Posts Tagged Michelle Boorstein

West Virginia bishop gave powerful cardinal and other priests $350,000 in cash gifts before his ouster, church records show / The Washington Post

The gifts — one as large as $15,000 — were detailed in a draft of a confidential report to the Vatican about the alleged misconduct that led to Bransfield’s resignation in September. (The Washington Post)

In the years before he was ousted for alleged sexual harassment and financial abuses, the leader of the Catholic Church in West Virginia gave cash gifts totaling $350,000 to fellow clergymen, including young priests he is accused of mistreating and more than a dozen cardinals in the United States and at the Vatican, according to church records obtained by The Washington Post.

“Bishop Michael J. Bransfield wrote the checks from his personal account over more than a decade, and the West Virginia diocese reimbursed him by boosting his compensation to cover the value of the gifts, the records show. As a tax-exempt nonprofit, the diocese must use its money only for charitable purposes.

“The gifts — one as large as $15,000 — were detailed in a draft of a confidential report to the Vatican about the alleged misconduct that led to Bransfield’s resignation in September. The names of 11 powerful clerics who received checks were edited out of the final report at the request of the archbishop overseeing the investigation, William Lori of Baltimore.”

By Michelle Boorstein, Shawn Boberg and Robert O’Harrow, Jr. — Read more …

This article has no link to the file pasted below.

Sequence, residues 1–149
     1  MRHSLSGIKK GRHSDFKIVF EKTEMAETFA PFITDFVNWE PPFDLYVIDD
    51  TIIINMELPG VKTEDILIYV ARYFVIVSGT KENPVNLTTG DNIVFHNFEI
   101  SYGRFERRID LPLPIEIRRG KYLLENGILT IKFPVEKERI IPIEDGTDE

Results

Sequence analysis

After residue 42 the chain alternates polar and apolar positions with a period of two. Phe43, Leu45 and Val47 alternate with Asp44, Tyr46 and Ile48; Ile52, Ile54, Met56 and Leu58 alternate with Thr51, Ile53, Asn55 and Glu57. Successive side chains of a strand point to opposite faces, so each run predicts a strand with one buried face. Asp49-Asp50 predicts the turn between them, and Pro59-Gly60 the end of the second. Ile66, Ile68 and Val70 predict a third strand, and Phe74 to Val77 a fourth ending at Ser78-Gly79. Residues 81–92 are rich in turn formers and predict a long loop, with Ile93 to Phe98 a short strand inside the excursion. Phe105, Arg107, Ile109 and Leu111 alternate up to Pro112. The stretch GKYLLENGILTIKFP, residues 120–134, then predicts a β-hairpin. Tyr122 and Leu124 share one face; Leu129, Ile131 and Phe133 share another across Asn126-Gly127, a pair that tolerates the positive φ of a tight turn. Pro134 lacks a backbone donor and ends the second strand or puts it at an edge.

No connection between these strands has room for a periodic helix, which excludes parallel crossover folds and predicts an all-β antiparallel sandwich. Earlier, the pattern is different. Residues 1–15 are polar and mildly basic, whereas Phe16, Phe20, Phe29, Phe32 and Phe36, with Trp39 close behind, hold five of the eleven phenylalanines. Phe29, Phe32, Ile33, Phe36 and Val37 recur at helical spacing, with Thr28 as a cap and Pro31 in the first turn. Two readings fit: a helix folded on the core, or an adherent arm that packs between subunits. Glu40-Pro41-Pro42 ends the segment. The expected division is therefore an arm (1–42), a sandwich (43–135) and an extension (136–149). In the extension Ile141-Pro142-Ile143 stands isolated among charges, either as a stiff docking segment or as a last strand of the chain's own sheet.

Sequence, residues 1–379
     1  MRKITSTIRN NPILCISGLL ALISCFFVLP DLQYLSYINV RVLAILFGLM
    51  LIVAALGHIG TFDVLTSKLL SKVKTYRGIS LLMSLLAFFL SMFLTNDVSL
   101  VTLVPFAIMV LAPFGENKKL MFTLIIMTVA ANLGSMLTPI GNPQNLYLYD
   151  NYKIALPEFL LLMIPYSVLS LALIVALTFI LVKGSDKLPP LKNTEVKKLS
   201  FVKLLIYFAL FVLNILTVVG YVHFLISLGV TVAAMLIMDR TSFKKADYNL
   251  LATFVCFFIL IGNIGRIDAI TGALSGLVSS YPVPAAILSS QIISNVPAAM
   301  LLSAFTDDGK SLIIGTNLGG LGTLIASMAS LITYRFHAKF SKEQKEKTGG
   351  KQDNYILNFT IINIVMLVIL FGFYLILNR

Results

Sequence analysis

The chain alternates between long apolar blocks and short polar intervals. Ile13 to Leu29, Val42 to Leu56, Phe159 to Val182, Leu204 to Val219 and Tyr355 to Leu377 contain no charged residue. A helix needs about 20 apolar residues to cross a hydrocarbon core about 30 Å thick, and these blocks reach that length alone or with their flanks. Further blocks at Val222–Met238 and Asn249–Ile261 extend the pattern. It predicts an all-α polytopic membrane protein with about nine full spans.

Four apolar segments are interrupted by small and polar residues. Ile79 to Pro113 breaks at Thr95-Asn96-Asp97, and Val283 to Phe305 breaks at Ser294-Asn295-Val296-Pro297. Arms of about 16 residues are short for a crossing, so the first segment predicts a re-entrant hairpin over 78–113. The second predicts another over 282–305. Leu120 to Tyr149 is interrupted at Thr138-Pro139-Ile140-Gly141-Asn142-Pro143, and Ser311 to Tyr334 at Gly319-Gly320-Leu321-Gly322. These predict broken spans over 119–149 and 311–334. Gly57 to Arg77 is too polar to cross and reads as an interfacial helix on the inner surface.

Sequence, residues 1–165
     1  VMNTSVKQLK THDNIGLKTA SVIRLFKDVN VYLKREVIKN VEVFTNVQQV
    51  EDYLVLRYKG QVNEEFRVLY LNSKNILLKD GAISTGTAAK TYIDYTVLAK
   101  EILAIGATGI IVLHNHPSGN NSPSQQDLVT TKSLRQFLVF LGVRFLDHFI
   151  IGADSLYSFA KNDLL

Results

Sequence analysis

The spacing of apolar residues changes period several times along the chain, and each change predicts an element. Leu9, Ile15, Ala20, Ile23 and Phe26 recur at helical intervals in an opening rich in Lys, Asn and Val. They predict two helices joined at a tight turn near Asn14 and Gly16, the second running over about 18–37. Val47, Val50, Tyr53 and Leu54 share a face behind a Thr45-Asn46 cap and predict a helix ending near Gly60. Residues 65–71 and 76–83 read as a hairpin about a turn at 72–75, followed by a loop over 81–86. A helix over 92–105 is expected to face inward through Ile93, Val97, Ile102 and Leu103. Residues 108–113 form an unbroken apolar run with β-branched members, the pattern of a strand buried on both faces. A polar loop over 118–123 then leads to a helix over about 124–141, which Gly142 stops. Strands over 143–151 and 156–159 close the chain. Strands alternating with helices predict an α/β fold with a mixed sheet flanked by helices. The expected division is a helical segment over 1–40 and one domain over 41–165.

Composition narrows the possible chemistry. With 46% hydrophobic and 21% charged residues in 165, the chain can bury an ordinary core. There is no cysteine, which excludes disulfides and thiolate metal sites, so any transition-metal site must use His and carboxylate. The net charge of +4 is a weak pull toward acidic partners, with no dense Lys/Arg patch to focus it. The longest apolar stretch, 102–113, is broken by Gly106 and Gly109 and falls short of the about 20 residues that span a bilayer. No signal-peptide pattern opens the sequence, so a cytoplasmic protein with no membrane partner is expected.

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Despite denials, D.C. Cardinal Donald Wuerl knew of sexual misconduct allegations against Theodore McCarrick and reported them to Vatican / The Washington Post

McCarrick’s case is reportedly about to be decided in one of the highest-profile clergy sex abuse trial processes to come before Rome. (The Washington Post)

Washington Cardinal Donald Wuerl knew of sexual misconduct allegations against ex-cardinal Theodore McCarrick and reported them to the Vatican in 2004, church officials confirmed Thursday evening, despite portraying himself since last summer as unaware of any complaints surrounding McCarrick.

“Robert Ciolek, a former priest who reached a settlement with the church in 2005 after accusing clerics including McCarrick, told The Post he recently learned that the Pittsburgh Diocese has a file that shows that Wuerl was aware of his allegations against McCarrick. The file includes documentation that Wuerl, who was bishop of Pittsburgh at the time, shared the information with then-Vatican ambassador Gabriel Montalvo.

“The content of the document, which Ciolek told The Post he saw in December, clashes sharply with Wuerl’s public statements about McCarrick since the older cleric was suspended in June due to a complaint that he groped an altar boy decades ago.